Sexual harassment is unwanted behaviour of a sexual nature.
Examples given by the Australian Human Rights Commission
The Australian Human Right Commission sets out several examples of what sexual harassment looks like:
- Staring or leering.
- Unnecessary familiarity, such as deliberately brushing up against you or unwelcome touching.
- Suggestive comments or jokes.
- Insults or taunts of a sexual nature.
- Intrusive questions or statements about your private life.
- Displaying posters, magazines or screen savers of a sexual nature.
- Sending sexually explicit emails or text messages.
- Inappropriate advances on social networking sites.
- Accessing sexually explicit internet sites.
- Requests for sex or repeated unwanted requests to go out on dates.
- Behaviour that may also be an offence under criminal law, such as physical assault, indecent exposure, sexual assault, stalking or obscene communications.
What is the law and what does it say?
The Sexual Discrimination Act (Cth) 1984 deals with sexual discrimination. It covers sexual discrimination in the following circumstances
- This can include physically or verbal sexual harassment.
- It can also include sexual harassment that takes place by way of technology such as; social media, text, email, as well as other forms of technology.
Sexual harassment complaints in the work place made up 21% of all the complaints made to the Australian Human Rights Commission.
This section makes it unlawful for:
- A teacher or a student over the age of 16 to sexually harass a student.
- A student over the age of 16 to sexually harass a teacher.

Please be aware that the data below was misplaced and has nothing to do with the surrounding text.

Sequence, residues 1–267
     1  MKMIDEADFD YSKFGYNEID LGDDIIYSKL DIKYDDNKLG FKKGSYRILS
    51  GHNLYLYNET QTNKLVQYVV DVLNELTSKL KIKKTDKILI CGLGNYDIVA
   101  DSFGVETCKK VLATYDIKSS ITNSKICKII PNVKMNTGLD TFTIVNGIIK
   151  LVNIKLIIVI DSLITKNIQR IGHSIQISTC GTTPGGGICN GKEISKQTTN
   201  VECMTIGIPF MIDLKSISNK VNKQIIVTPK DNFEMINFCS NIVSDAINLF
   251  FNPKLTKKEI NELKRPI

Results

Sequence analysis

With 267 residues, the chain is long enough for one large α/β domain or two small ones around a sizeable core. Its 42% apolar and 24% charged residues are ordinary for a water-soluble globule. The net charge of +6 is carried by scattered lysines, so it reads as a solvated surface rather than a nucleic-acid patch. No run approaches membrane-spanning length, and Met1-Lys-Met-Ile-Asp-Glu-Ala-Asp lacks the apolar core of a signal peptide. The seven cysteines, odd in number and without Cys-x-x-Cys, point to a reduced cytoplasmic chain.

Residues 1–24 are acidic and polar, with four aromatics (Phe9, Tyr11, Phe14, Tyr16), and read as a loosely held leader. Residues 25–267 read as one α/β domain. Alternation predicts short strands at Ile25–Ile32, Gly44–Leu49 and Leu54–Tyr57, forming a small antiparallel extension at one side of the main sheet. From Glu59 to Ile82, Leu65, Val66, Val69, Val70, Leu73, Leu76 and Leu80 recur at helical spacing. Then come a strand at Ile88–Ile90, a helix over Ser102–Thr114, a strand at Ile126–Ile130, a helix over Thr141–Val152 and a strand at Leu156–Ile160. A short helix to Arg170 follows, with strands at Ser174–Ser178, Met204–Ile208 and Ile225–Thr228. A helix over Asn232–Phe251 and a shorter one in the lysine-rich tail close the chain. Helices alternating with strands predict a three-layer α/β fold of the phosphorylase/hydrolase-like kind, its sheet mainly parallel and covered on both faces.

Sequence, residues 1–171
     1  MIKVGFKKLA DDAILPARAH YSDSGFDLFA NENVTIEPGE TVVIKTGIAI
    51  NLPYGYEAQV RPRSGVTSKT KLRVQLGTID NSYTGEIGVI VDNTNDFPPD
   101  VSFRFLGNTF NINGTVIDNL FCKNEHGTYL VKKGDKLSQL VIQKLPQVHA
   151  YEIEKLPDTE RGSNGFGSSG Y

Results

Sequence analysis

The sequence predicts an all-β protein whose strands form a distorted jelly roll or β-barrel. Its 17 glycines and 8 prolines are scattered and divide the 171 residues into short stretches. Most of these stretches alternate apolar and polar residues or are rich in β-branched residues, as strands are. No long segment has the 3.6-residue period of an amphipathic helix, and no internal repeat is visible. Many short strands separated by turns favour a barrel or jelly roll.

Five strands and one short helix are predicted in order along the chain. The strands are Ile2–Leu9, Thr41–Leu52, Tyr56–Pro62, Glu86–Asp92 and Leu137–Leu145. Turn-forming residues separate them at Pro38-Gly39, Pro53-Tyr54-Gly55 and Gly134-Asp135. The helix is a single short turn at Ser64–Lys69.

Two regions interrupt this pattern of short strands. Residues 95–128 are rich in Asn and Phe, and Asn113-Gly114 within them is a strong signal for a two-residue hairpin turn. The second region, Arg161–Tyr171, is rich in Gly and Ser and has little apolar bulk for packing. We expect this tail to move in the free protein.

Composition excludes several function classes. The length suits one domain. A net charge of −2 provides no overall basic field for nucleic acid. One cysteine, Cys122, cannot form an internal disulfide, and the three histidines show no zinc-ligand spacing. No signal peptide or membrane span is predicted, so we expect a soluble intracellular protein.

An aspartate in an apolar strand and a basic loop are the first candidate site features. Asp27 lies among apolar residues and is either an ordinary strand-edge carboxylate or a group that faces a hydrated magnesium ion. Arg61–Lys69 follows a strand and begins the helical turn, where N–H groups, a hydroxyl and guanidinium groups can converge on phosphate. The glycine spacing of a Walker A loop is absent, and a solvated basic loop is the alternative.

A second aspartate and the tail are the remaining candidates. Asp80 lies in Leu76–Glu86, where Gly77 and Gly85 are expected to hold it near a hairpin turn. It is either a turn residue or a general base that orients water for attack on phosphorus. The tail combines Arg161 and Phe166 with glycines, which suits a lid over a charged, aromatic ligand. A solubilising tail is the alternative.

The Sexual Discrimination Act (Cth) 1984 also deals with sexual discrimination in the provision of goods and services and accommodation.
What can you do if you are being sexually harassed?
If you feel you are being sexually harassed in the workplace, or in any other environment for that matter you should take the following steps:
- Talk to a family member or trusted friend outside the workplace or environment where the sexual harassment has taken place. Sexual harassment can severely affect the victim and for this reason talking to someone you trust is import to help you cope with the harassment and may help you decide what to do next.
- Report the incident/incidents to your Human Recourses team/manager
Note: If your manager is the one sexually harassing you go straight to the Human Resources manager.
- Record as much information as you can. Try and record time, place, how you felt, who witnessed the event, keep any online communications that indicate sexual harassment. This will help you later if you decide to make a claim.
Note: Under the Sexual Discrimination Act, your employer can be liable to pay compensation if they have failed to take all reasonable steps to prevent the harassment.
- Make a complaint to the Australian Human Right Commission within 12 months of the harassment occurring. Note: The Commission has the power to investigate such complaints.
- Contact a lawyer for legal assistance with a Workers’ Compensation Claim and or a claim for Damages under the Sexual Discrimination Act which now allows for substantial compensation.
For more information please don’t hesitate to contact us.
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